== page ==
LONDON, June 3 The heads of Europe's struggling
utilities called on lawmakers to speed up legislative changes
that they say would help them cope better with a drop in power
prices and demand.
Traditional European energy companies have so far failed to
reinvent themselves to operate in a new energy world where high
renewable output has depressed prices and expensive gas has made
their power stations unprofitable.
Speaking at the annual conference of Europe's electricity
association on Tuesday, executives called on the European
Commission and national governments to speed up decision-making
on schemes such as a stronger carbon support mechanism or
European nations are currently debating whether to make
payments to standby power plants to make them available for
electricity production when wind farms or solar panels fail to
A capacity mechanism, which is already being introduced in
Britain from 2018, would guarantee owners of power plants future
revenue provided they have been successful at auction.
"Capacity mechanism systems are needed to ensure energy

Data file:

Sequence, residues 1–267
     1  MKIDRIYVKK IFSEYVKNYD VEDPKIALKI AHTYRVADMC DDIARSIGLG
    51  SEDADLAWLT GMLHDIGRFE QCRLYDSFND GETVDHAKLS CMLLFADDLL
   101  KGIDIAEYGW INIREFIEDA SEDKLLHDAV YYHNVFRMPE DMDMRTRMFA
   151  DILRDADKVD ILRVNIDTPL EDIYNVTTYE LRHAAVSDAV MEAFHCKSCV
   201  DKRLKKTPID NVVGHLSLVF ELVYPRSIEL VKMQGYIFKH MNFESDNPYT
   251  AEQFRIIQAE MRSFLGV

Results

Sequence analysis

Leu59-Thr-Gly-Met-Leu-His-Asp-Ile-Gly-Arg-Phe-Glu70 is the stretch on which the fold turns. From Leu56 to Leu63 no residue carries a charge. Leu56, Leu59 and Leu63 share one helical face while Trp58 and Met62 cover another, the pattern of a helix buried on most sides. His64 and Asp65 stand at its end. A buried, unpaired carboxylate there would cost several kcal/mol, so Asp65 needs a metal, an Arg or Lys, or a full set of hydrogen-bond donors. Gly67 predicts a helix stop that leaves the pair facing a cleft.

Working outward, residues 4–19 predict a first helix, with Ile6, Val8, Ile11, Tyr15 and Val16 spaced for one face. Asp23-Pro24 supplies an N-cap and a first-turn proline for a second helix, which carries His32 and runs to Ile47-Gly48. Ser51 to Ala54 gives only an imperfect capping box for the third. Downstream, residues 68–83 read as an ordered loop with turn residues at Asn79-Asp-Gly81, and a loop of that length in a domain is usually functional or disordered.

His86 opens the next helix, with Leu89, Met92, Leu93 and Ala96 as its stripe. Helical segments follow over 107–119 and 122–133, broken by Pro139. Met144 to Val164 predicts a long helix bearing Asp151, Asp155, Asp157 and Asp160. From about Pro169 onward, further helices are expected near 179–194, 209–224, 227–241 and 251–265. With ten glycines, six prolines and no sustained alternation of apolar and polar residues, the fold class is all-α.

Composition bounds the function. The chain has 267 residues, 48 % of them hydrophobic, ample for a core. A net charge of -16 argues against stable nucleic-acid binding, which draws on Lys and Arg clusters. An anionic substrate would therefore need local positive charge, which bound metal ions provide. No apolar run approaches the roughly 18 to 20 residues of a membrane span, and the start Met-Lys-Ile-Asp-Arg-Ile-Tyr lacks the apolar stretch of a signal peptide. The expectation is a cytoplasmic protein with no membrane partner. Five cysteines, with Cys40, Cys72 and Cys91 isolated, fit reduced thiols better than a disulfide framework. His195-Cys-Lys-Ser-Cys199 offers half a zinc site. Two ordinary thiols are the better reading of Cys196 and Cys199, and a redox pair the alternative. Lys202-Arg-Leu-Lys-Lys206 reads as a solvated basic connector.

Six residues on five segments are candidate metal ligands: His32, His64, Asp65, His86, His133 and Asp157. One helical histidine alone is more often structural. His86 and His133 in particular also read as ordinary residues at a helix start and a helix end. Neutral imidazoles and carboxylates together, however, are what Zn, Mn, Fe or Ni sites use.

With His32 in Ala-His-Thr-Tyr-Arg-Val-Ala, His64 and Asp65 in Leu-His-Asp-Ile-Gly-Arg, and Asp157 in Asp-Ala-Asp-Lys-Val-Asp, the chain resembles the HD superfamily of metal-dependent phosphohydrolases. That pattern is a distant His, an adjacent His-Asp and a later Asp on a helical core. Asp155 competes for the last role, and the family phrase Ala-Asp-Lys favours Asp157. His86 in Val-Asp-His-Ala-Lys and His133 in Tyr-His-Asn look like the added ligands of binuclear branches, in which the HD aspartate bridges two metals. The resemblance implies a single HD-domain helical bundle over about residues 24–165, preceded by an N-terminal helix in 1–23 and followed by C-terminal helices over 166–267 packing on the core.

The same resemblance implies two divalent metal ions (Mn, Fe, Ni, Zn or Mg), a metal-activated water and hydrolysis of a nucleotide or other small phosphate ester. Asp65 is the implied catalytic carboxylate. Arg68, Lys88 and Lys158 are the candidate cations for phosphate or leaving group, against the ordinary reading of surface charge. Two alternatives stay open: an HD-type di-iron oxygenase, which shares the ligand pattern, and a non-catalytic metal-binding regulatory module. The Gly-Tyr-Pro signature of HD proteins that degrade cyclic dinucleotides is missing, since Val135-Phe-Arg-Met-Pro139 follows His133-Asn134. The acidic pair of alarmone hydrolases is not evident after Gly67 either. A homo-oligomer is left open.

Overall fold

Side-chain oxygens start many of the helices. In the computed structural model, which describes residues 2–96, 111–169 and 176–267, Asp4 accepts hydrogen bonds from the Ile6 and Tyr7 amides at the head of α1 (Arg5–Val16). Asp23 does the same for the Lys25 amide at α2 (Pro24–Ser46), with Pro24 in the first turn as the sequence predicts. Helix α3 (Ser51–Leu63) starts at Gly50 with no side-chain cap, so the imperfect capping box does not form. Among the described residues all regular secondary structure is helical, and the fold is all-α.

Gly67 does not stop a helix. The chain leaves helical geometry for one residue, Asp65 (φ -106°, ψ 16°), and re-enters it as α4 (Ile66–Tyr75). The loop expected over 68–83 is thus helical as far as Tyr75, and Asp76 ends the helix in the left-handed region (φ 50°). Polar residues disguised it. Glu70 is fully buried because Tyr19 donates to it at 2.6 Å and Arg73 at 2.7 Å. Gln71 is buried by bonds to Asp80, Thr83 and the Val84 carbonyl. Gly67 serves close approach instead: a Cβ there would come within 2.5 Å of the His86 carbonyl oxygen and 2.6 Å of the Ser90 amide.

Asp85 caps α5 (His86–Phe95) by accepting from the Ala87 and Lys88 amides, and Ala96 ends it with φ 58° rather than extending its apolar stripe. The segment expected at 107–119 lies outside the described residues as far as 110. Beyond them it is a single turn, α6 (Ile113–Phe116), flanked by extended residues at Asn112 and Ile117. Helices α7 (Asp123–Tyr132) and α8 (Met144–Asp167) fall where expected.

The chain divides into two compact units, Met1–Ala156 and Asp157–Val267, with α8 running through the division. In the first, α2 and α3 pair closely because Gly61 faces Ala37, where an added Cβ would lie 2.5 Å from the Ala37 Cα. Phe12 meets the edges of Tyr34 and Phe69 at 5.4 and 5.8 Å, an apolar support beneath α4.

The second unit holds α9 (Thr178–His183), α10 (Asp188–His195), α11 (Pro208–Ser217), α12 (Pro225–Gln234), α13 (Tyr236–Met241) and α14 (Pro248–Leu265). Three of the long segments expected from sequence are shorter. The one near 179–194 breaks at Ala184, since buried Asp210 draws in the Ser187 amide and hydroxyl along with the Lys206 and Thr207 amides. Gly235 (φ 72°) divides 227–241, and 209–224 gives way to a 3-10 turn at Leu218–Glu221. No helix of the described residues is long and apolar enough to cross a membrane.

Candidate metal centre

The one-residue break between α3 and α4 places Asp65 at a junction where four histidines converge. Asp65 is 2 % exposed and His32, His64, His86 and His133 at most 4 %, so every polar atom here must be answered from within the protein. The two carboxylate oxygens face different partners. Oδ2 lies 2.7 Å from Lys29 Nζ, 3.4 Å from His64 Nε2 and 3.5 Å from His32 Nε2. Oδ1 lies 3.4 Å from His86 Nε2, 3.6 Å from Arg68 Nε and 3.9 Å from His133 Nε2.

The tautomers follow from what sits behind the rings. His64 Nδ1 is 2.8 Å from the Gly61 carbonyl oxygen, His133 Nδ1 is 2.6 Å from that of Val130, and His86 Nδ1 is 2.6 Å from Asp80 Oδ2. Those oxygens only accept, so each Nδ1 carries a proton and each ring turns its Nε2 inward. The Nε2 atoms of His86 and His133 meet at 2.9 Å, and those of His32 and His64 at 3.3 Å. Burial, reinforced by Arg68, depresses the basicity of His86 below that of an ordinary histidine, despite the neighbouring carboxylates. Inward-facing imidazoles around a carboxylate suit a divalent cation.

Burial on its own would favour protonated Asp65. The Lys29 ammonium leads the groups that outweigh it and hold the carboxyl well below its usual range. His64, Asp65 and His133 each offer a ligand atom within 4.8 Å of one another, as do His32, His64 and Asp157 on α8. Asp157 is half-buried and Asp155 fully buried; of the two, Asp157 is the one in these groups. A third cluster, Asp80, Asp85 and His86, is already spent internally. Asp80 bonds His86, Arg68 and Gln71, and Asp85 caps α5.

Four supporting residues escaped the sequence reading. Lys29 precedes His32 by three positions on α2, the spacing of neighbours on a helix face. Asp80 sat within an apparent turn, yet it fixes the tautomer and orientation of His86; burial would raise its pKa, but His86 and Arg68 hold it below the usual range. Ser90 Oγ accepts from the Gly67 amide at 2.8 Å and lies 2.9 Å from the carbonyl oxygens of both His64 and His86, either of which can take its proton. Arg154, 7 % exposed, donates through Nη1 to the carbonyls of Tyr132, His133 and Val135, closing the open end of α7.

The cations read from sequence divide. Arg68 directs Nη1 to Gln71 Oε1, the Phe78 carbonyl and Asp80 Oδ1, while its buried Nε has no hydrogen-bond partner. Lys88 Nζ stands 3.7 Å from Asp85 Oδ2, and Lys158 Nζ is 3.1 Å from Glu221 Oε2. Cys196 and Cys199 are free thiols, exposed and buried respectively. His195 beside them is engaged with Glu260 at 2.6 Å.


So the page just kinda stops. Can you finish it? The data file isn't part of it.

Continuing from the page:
security," said Jean-Francois Cirelli, whose utility GDF Suez
in France took a 15 billion euro writedown on its gas
storage and power plants businesses in 2013.
Oystein Loseth, chief executive of Swedish utility
Vattenfall, said he wanted to see the European Union
agree on a 2030 target to reduce greenhouse gas emissions, a
policy that will determine what types of energy sources
utilities invest in for the future.
Loseth, who will step down from his role at the beginning of
October, said utilities will continue to face current market
conditions until at least 2020.
"We have to adapt and accept that this is the new norm.
Everyone has to find their own opportunities in this situation,"
he told Reuters on the sidelines of the conference.
Vattenfall reported a full-year loss in 2013 after booking
impairments of 30 billion Swedish crowns ($4.49 billion) related
to its conventional power plants in the Netherlands.
Johannes Teyssen, chief executive of Germany's E.ON
, said he hoped the European Commission's proposal to
prop up the region's carbon market by holding or releasing
carbon permits would be pushed through before a new set of
Commissioners takes over in November.
Europe's utilities need quick decision-making at European
and national levels to be able to make decisions about the
future direction of their companies.
"Our main problem now is one of momentum. Things need to
move fairly quickly to ensure that we, industrial investors,
have a stable framework," said Henri Proglio, chief executive of
($1 = 6.6841 Swedish Kronas)
(Reporting by Karolin Schaps; Editing by Erica Billingham)